With your schedule jam-packed and your calendar exploding, we don’t blame you for missing the deadline to sign your kid up for summer camp. Fortunately for you, we’ve compiled a list of summer programs around Seattle to keep your little munchkins busy, despite your procrastination.EXPLORATIONS IN MATH
Last year, at age 50, Grace* was diagnosed with breast cancer for the second time in three years. She was scheduled for a double mastectomy with immediate reconstruction, and would likely be in surgery for about 13 hours. “It was scary,” Grace says. “Especially the anesthesia consult several weeks prior, where they tell you that there is always a chance, with a long, complicated surgery, that you won’t wake up. At that point, I was more worried about [not waking up from] the surgery than the cancer.” Grace is not alone in her concerns. Dr.
Emergency medical care in Washington is getting a radical makeover: Freestanding, “no wait” emergency centers are cropping up in fast-growing suburbs, providing closer-to-home options to those often dreaded, crowded ER waiting rooms in urban hospitals.
Brain surgery via the eye socketAs both Harborview Medical Center’s chief of facial plastic and reconstructive surgery and a University of Washington professor of head and neck surgery, Dr. Kris Moe blends some rather unique skills. That combination of training got him thinking about a new way to operate on patients with some types of traumatic injury, advanced brain disease or certain tumors.
In this town, we spend a lot of time fretting (and arguing and voting) about what the Seattle of the future will look like. Meanwhile, physical evidence of our city’s forgotten past looms all around us. The Underground Tour is an obvious example, but while historically fascinating, it’s perhaps not where you want to be once summer finally arrives (not to mention, this time of year it tends to be overrun with tourists).
Clockwise from top Left: Funk Royal Optics mustard yellow round retro-style frames with teal inlay, $399, from the Pulp Lab pop-up shop at Deli (Downtown, 1307 1st Ave.; 206.682.2446; deliseattle.com; also available at pulplab.com);
Like migratory birds making a stop on their way to warmer climes, flocks of visitors crowd the sidewalks of Pioneer Square this time of year, waiting their turn to step into the belly of Seattle on the Underground Tour and explore the cavernous, below-sea-level depths where relics of our city’s past lie.
WATERWAYSOur sunny summer days are precious—and so are the moments we spend cooling off from the heat. Sure, you can hit a lake or a pool, but why not mix it up? Consider these five “spraygrounds” for an afternoon of free fun.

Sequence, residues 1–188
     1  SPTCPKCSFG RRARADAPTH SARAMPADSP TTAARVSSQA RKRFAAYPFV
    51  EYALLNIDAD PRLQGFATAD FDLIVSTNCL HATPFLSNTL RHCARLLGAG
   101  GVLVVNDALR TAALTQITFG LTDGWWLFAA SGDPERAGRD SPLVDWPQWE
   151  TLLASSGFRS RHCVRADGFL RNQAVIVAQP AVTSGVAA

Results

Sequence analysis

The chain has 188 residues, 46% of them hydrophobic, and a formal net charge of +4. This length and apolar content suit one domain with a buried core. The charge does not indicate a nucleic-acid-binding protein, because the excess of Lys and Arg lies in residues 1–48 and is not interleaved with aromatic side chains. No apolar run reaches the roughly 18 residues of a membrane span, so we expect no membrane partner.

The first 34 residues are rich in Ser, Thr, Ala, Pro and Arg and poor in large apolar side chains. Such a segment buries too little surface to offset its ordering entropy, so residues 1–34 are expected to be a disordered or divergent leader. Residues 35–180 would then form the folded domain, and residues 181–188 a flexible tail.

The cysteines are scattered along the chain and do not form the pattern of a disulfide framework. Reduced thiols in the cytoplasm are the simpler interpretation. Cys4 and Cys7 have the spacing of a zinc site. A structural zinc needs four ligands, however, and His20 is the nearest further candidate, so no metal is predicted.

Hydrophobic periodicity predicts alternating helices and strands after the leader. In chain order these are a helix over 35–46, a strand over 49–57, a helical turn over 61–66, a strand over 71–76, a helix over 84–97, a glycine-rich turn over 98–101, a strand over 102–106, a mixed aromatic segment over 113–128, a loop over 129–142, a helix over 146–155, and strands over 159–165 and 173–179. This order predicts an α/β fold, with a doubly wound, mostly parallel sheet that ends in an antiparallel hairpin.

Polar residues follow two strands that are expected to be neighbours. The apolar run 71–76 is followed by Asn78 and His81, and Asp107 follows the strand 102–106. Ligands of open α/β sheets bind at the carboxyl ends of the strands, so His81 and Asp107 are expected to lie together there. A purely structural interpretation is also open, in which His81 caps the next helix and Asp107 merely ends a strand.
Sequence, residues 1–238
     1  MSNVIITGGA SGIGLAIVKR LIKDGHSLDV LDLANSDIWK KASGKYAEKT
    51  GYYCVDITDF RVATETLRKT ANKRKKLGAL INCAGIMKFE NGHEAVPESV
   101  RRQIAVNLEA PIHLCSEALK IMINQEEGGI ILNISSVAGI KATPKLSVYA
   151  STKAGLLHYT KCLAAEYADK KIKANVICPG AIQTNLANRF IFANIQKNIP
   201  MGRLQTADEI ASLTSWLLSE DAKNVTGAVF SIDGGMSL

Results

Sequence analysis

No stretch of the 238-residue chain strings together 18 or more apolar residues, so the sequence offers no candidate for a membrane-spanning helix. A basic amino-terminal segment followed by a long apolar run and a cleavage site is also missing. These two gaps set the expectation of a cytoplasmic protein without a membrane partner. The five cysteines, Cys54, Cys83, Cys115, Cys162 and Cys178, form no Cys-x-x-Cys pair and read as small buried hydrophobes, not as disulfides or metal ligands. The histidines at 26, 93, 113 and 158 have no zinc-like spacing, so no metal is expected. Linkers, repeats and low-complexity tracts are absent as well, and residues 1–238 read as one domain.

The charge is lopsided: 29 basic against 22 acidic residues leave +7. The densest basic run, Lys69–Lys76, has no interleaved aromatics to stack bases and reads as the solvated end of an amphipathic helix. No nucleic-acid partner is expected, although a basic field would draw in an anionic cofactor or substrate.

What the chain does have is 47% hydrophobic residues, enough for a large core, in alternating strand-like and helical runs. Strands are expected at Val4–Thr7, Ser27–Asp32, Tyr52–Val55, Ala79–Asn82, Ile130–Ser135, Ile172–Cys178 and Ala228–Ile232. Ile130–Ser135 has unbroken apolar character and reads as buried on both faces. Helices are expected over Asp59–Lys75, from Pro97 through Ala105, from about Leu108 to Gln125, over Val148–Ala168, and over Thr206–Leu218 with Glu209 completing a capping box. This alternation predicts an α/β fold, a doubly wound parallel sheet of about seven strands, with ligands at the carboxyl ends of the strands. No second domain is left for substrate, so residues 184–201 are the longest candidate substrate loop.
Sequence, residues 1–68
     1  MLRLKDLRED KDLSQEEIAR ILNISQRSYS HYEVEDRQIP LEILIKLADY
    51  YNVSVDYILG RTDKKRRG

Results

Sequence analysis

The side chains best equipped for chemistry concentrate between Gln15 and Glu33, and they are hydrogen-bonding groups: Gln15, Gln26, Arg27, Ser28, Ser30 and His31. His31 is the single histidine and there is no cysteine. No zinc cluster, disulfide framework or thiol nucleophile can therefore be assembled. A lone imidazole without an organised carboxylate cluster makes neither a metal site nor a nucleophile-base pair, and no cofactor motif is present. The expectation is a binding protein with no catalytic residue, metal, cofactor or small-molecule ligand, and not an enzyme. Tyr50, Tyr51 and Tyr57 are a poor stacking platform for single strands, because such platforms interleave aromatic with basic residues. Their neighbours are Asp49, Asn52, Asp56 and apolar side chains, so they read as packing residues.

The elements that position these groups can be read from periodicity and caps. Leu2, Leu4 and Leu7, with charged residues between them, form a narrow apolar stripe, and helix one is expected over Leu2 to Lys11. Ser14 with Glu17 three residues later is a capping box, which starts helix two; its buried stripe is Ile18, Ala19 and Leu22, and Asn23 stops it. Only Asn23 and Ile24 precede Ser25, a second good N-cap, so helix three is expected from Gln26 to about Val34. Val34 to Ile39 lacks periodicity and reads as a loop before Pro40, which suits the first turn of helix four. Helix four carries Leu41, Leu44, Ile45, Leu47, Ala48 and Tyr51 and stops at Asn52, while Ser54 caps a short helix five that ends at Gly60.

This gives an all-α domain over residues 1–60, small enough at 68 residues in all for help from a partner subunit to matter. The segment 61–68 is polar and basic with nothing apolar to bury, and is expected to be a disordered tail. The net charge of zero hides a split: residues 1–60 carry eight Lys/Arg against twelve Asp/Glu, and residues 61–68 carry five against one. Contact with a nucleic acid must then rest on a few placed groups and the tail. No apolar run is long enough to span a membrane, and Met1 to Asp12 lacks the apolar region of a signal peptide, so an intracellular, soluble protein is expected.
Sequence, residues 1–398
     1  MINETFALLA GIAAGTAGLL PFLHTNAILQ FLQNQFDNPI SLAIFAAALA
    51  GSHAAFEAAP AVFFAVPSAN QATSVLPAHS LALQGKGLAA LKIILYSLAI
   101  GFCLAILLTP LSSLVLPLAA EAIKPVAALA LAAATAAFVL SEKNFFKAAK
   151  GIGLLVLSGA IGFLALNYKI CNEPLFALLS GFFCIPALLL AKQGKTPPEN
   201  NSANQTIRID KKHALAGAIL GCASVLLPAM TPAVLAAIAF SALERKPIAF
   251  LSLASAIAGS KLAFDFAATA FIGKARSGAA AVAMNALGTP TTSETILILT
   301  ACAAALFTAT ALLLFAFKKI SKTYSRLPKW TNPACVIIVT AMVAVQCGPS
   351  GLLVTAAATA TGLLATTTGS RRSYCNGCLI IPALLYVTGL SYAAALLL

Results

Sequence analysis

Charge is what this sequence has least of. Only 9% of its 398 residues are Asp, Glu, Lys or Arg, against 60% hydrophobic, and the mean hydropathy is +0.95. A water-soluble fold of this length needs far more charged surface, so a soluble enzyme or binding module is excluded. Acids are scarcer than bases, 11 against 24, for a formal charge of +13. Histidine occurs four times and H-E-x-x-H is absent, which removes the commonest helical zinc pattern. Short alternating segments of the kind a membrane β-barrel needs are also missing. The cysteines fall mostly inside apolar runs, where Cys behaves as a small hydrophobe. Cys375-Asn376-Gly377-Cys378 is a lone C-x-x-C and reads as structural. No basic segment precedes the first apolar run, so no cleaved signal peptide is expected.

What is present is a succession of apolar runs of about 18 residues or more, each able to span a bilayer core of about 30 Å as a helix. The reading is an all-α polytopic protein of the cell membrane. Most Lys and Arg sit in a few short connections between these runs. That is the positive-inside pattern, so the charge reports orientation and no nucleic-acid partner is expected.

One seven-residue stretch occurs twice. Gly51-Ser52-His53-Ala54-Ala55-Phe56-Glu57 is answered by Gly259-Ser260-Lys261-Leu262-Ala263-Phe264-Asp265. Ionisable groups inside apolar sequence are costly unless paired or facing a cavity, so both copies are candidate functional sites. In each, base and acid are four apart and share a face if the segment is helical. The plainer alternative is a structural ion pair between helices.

NAME: George Mount OCCUPATION: Actor and founding artistic director of Wooden O Theatre FAVORITE ROLE: “Hamlet. It really is the single character that taught me the most about my craft.” FAVORITE PLAY TO PERFORM: A Comedy of Errors. “Because it’s just so damn silly.” PARK MUST-BRINGS: A picnic and a blanket or a low-backed chair.SCHEDULE: seattleshakespeare.org/woodeno
Originally planted by the University of Washington School of Pharmacy in 1911, the Medicinal Herb Garden has survived budget cuts and campus expansion, as well as a post–World War II shift in national preference from herbal to synthetic medicines. Now maintained by the UW Department of Biology, under the care of curator and gardener Keith Possee, the century-old garden spans 2.5 acres and boasts more than 1,000 species of medicinal herbs and plants (none of which are ever harvested; the garden is for educational and display purposes only).
ARTIST: Adam Stern, seattle symphony guest conductor
SPECIALTY: Conducting for the “symphonic cinema” program, in which the music is removed from a famous film (the dialogue remains) and the live orchestra plays the score as the movie screens overhead.
PERFORMANCES: Stern is conducting live scores for Casablanca (7/6 & 7/8) and The Wizard of Oz (7/7 & 7/9). Times and prices vary. Benaroya Hall, 200 University St.; 206.215.4747; seattlesymphony.org
Believe it or not, we have the weather to thank for luring acclaimed playwright Yussef El Guindi to Seattle. In the early 1990s, El Guindi was a playwright-in-residence and lecturer at Duke University. As his term was coming to an end, he wanted to move to a city with a strong theater scene—beyond the obvious one. (“At the time,” he says, “my nerves were too raw” to deal with New York City.) His new home also had to be a “livable city” with good public transportation, since El Guindi doesn’t drive. That left Chicago, Minneapolis and Seattle.
Judging by the 400 archival photographs on display at the Wing Luke Museum, bridal portraits were a steady source of income for Japantown’s Takano Studio. Founded in 1910, the Japanese-American photography studio was a thriving business until 1942, when Japanese citizens were sent to internment camps. But before that, Takano captured Seattle’s vibrant Japanese community on film—and the Wing Luke Museum now holds the collection of negatives.